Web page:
Types Of Depression & Their Symptoms

Hey, welcome to my blog post. In this post, I am going to discuss TYPES OF DEPRESSION & THEIR SYMPTOMS.



Everyone feels sad and down from time to time. But if the sadness is prolonged and is distressing to the individual it becomes concerning. In simple words, this persistent mood primarily feeling sad is called depression. Depression is a mood disorder that causes a persistent feeling of sadness and loss of interest. This disorder affects how you feel, think and behave and can lead to various physical and emotional problems. There are different types of depression categorized on the basis of their prominent symptoms and their duration.

Major Depressive Disorder (MDD)
This is the most known type of depression. Generally known as clinical depression, major depressive disorder is a type of depression characterized by symptoms present for at least two weeks such as:

Persistent low mood
Lack of interest in pleasurable activities
Changes in weight
Changes in sleep
Feelings of worthlessness and guilt
Difficulty concentrating
Thought about death and suicide

Persistent Depressive Disorder (PDD)
Formerly known as Dysthymia, persistent depressive disorder refers to the type of depression in which the symptoms present for at least two years. It can be mild, moderate, or severe.

A person diagnosed with persistent depressive disorder may have periods of less severe symptoms but symptoms must last for two years to be considered a pervasive depressive disorder.

PDD symptoms include:

Feelings of sadness
Loss of interest and pleasure
Anger and irritability
Feelings of guilt
Low self-esteem
Difficulty falling or staying asleep
Sleeping excessively
Feelings of hopelessness
Fatigue and lack of energy
Changes in appetite
Difficulty in concentration

Bipolar Affective Disorder (BPAD)
Bipolar disorder is a mood characterized by variations in mood in terms of extremely high or elevated mood and extremely low or depressive mood. The periods of elevated mood are called mania and they can be mild (hypomania) or they can be extreme causing substantial distress and impairment in the individual’s functioning.

The symptoms of depressive episodes are similar to the ones experienced in major depressive disorder. The symptoms of mania are outlined below:

Extremely elevated mood
Increased activity, energy or agitation
Exaggerated sense of well-being and self-confidence (euphoria)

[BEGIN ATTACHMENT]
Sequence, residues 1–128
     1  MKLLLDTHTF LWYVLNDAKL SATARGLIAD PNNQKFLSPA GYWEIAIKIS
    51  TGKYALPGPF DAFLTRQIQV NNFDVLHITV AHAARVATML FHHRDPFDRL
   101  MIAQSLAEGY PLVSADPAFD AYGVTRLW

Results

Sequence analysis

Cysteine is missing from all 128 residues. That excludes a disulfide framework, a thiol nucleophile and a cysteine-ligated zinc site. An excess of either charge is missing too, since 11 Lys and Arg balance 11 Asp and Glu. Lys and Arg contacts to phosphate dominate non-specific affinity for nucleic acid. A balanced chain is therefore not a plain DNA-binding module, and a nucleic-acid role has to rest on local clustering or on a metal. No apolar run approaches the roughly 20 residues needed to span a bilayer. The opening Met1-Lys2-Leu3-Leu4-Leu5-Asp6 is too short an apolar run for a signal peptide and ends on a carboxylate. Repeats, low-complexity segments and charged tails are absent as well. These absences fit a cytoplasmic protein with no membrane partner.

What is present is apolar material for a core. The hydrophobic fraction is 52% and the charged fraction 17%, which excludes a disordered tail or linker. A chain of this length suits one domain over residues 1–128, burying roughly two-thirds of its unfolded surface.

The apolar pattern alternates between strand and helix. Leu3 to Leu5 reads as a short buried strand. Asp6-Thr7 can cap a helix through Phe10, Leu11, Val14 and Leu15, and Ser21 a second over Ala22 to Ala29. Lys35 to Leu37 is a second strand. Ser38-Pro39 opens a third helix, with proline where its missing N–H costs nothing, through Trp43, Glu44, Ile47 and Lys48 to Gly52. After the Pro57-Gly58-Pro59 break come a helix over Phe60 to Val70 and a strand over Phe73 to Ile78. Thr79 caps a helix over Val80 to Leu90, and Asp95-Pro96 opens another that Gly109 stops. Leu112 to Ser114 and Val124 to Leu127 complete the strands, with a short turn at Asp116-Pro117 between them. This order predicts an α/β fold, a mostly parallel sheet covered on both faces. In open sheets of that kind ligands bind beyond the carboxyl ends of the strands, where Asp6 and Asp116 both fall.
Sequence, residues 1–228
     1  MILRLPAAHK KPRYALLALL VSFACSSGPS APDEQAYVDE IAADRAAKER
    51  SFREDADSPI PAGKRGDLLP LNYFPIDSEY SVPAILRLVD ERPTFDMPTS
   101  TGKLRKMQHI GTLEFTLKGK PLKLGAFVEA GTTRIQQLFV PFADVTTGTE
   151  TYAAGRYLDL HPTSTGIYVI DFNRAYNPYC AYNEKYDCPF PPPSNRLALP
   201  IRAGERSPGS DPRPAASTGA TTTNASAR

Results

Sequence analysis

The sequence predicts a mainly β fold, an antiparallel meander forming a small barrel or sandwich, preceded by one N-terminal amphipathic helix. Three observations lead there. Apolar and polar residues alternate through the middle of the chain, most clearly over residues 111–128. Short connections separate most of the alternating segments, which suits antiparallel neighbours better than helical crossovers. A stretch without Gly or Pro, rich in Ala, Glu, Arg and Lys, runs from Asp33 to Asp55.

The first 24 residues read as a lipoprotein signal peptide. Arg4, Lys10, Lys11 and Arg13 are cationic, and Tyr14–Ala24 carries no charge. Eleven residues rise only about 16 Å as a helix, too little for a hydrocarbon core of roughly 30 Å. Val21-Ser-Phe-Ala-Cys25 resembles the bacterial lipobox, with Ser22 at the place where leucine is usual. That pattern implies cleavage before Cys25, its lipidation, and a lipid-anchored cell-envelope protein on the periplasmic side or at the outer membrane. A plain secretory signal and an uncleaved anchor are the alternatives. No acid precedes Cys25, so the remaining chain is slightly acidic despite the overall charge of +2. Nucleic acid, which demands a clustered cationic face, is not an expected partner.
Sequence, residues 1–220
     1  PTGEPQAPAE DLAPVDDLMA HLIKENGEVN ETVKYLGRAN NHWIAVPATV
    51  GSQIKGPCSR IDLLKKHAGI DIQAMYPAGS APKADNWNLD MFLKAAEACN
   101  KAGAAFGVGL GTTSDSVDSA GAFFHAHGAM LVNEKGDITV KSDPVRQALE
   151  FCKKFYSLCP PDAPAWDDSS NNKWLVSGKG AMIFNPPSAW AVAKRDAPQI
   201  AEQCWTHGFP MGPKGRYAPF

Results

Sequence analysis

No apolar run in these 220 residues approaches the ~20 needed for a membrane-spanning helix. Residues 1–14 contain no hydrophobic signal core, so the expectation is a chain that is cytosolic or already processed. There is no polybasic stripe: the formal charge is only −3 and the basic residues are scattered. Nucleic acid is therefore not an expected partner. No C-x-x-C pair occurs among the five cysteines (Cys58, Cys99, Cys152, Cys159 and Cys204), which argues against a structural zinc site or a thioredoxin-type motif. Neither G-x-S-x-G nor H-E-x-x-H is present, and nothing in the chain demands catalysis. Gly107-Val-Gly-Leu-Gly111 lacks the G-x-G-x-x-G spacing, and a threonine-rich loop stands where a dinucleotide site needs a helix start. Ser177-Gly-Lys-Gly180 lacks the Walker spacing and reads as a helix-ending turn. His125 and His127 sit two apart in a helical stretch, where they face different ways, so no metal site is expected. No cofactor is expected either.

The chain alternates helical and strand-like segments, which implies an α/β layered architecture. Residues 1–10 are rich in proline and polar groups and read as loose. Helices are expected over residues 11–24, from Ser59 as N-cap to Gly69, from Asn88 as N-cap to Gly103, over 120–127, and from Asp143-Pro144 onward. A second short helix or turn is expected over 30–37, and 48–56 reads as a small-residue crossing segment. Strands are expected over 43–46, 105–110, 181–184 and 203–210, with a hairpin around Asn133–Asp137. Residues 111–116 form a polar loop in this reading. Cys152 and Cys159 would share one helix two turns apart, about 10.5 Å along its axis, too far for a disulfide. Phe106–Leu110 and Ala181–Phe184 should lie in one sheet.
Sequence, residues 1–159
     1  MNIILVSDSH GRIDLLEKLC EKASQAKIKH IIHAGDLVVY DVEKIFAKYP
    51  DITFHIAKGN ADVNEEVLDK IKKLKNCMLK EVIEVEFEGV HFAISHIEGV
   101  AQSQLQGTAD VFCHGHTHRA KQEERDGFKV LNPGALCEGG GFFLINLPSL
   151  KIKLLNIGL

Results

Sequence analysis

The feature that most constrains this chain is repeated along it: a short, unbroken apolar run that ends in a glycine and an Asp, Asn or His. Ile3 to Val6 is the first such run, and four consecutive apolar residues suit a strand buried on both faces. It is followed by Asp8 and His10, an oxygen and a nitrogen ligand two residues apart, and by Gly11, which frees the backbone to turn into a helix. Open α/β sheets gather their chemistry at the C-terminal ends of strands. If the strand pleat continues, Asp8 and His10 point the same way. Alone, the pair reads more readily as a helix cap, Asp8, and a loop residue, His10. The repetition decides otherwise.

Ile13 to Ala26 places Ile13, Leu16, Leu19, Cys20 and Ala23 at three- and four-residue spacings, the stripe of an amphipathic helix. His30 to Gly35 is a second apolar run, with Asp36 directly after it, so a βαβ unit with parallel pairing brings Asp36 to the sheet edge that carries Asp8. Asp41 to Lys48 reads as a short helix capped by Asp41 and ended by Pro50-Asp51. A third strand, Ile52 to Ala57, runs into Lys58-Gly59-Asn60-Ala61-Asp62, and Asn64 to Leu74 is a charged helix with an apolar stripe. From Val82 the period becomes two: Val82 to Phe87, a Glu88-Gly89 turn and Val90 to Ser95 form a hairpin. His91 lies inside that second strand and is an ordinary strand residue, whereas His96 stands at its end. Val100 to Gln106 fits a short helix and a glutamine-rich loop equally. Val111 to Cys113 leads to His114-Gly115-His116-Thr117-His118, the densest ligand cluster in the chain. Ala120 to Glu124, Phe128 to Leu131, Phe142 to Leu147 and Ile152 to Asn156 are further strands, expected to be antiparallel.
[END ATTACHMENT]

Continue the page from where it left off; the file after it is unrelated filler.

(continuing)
Decreased need for sleep
Unusual talkativeness
Racing thoughts
Poor decision-making — for example, going on buying sprees, taking sexual risks, etc.

Postpartum Depression (PPD)
This type of depression is specific to women as it occurs after pregnancy. Pregnancy can bring about significant hormonal shifts that can often affect a woman’s moods. Women with postpartum depression experience full-blown major depression during pregnancy or after delivery. The feelings of extreme sadness, anxiety, and exhaustion that the woman experiences during PPD make it difficult for new mothers to undertake daily activities for themselves and/or for their baby. Postpartum depression may last for many months or longer.

Symptoms can include:
Low mood, feelings of sadness
Severe mood swings
Social withdrawal
Trouble bonding with the baby
Appetite changes
Feeling helpless and hopeless
Loss of interest in things you used to enjoy
Feeling inadequate or worthless
Anxiety and panic attacks
Thoughts of hurting oneself or the baby
Thoughts of suicide

Seasonal Affective Disorder
Seasonal affective disorder is a type of depression that varies according to the season pattern. It is sometimes known as winter depression as the symptoms become more apparent and more severe during winter. The symptoms usually occur during the autumn and winter months when there is less sunlight and usually improve with the arrival of spring.

Symptoms of SAD are:
Persistent low mood
Loss of interest in pleasurable activities
Feelings of despair, guilt and worthlessness
Feeling lethargic or lacking energy (esp during winters)
Sleeping for longer than normal and feeling exhausted after waking up (during winters and insomnia is common during summers)
Overeating, particularly with a craving for carbohydrates (during winter, and loss of appetite during summer)

Premenstrual dysphoric disorder (PMDD)
Premenstrual dysphoric disorder (PMDD) is a severe form of premenstrual syndrome (PMS). It consists of both physical and psychological symptoms but prominently the psychological ones.

These psychological symptoms are more severe than those associated with PMS. For example, some people might feel more emotional in the days leading up to their period. Similarly to perinatal depression, PMDD may relate to hormonal changes. The symptoms often begin just after ovulation and start to ease up once the woman gets her period.

Symptoms of PMDD include:
Breast tenderness
Joint and muscle pain
Sadness and despair
Irritability and anger
Extreme mood swings
Food cravings or binge eating
Lack of energy
Trouble focusing
Sleep problems

If these symptoms are persistent and the management of symptoms is difficult, then the individual should seek the help of a mental health professional.

Dr Aarti Midha

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